After a while, I also had another revelation. When applying for a monthly Personal Independence Payment (a benefit for those with physical and mental disabilities), I was required to fill in a tedious 15-page form with the help of my mother. The form was quite a challenge to fill out; making me recollect all that had gone before and realise just how significantly my autism inhibits my daily activities. I have trouble navigating and travelling, managing my finances, eating different types of food and a plethora of other things that a ‘normal’ person would find comes naturally.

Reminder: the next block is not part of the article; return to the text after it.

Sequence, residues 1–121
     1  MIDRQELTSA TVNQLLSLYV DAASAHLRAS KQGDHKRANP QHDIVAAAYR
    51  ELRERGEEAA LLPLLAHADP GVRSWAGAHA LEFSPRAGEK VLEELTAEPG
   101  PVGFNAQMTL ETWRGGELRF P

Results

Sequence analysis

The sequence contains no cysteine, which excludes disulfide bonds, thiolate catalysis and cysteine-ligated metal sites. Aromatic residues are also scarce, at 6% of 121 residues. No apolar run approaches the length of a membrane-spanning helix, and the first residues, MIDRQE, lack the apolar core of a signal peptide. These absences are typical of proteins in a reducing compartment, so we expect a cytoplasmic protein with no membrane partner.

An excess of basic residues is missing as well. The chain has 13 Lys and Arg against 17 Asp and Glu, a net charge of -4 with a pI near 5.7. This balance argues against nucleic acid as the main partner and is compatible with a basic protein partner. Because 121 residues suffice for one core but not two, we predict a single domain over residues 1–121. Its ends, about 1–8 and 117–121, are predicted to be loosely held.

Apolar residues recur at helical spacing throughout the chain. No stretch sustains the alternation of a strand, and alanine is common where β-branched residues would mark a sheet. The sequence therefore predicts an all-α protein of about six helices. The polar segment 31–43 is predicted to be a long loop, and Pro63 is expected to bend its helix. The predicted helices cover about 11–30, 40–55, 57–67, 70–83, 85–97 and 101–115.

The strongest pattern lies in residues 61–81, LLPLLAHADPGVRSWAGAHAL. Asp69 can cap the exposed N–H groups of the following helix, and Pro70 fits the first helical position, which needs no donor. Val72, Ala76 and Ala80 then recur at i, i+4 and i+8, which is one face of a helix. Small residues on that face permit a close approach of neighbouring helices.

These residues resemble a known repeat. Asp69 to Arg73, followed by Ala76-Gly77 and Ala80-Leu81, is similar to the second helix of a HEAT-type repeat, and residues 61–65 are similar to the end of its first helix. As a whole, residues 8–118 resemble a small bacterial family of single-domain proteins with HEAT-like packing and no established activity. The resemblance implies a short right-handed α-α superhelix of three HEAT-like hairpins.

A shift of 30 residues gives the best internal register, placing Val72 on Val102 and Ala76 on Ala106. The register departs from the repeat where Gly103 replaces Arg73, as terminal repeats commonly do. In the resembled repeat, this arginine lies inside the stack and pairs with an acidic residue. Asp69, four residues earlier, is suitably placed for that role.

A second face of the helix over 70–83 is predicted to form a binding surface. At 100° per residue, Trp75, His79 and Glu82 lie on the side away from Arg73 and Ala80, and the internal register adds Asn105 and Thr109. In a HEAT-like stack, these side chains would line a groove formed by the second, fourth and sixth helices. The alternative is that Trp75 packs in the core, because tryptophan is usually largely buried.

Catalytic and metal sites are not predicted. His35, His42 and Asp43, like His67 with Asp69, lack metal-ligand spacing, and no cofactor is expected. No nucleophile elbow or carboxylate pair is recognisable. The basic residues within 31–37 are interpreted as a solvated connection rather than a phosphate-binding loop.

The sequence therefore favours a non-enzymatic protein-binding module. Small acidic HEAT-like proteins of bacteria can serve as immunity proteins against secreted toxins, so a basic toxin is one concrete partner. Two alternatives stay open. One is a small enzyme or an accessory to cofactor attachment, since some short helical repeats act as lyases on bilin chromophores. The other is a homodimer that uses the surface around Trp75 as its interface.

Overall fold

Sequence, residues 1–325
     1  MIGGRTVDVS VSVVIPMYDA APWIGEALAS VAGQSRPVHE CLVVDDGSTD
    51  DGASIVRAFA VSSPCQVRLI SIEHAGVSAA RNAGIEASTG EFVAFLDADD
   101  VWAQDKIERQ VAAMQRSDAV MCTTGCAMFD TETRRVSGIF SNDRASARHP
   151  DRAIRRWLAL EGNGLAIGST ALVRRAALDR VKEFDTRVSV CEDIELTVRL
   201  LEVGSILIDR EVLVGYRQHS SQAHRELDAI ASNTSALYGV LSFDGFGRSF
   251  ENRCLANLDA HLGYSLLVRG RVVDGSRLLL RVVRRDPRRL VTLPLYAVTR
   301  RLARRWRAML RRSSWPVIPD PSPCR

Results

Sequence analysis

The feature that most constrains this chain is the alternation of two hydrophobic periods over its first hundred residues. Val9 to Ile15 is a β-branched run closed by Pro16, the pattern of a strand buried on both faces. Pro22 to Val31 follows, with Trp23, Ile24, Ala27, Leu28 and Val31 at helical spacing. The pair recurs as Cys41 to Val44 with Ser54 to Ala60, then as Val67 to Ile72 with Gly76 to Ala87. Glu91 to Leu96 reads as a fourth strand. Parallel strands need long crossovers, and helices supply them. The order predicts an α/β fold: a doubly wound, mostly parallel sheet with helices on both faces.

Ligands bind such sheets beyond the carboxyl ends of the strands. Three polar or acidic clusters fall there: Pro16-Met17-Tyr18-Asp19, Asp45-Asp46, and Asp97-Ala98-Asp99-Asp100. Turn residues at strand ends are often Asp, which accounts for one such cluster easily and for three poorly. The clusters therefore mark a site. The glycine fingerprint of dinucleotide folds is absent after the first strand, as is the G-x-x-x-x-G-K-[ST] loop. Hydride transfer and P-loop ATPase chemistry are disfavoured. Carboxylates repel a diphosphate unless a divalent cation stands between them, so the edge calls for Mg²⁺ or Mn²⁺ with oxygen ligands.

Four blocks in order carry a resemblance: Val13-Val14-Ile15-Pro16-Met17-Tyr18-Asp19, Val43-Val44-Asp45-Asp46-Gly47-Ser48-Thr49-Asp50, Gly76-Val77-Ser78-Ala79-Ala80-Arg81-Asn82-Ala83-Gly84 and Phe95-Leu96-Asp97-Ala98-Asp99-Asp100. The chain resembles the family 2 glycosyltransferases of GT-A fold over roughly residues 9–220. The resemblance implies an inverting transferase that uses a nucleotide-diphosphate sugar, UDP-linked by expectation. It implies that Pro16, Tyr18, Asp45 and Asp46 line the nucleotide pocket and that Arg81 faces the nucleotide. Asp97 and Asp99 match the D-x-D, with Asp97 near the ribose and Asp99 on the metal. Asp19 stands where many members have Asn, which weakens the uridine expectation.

So, I am left here, sitting in front of my laptop and writing in the dead of night about my experiences in the past few years. I hope whoever reads this finds something interesting or inspiring in my writing. Despite all my troubles I still manage to hold down a part-time job and am applying for PhD soon (thankfully I have managed to fight off the doubt thus far).
All I know is this, like the detonation of a nuclear bomb, the initial shock has dissipated, but the fallout remains as strong as ever.